Burden of the national debt

Burden of the national debt - a large national debt,...

Info iconThis preview shows page 1. Sign up to view the full content.

View Full Document Right Arrow Icon
Burden of the national debt It is generally accepted that the crowding out effect of government spending increases is stronger than the crowding in effect. But, given the presence of both effects, it is not unreasonable to expect that in some situations, like extreme slowdowns in the economy, crowding in might be stronger than crowding out. In these situations a budget deficit is a positive policy, as it spurs on economic activity in a time where activity might otherwise be extremely sluggish. It is important to remember that while crowding out is usually stronger than crowding in, it is not strong enough to completely cancel out all of the effects of increased government spending. In this way, national debt and budget deficits may be beneficial to the US economy, especially when the debt is owed domestically, because it represents economic activity that would otherwise be absent. While it is true that future generations will be burdened with greater interest payments on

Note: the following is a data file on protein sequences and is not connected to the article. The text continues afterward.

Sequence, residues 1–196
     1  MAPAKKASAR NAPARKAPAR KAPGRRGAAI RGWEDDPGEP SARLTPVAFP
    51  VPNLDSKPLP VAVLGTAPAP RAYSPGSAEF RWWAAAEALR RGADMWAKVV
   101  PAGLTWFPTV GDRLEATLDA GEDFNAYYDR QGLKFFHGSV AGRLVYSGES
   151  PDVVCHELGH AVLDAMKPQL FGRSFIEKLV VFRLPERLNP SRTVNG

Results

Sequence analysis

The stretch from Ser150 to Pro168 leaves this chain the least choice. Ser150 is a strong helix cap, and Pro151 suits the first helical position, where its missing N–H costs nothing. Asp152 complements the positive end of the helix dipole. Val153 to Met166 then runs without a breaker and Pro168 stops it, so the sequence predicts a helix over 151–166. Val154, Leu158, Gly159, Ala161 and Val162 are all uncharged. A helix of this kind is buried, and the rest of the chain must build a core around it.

Background image of page 1
This is the end of the preview. Sign up to access the rest of the document.

Unformatted text preview: a large national debt, because all of this economic activity--including the interest payments--is predominately between agents in the US, the harmful effects of the national debt and the budget deficits are minimized. There is a fringe party in the national debt debate who believes in debt neutrality. That is, they believe that the national debt has little or no effect on the economic wellbeing of the public because the public saves and spends in accordance with long-term economic goals. According to this position, if the national debt is high, citizens will save more to allow this debt to be attacked in the future. While this view is theoretically important, its practical importance is questionable as it relies on a fully informed populace. It is much more reasonable to accept the views that acknowledge some effect of the national debt on the economy....
View Full Document

This note was uploaded on 02/09/2012 for the course ECO ECO2013 taught by Professor Jominy during the Fall '08 term at Broward College.

Ask a homework question - tutors are online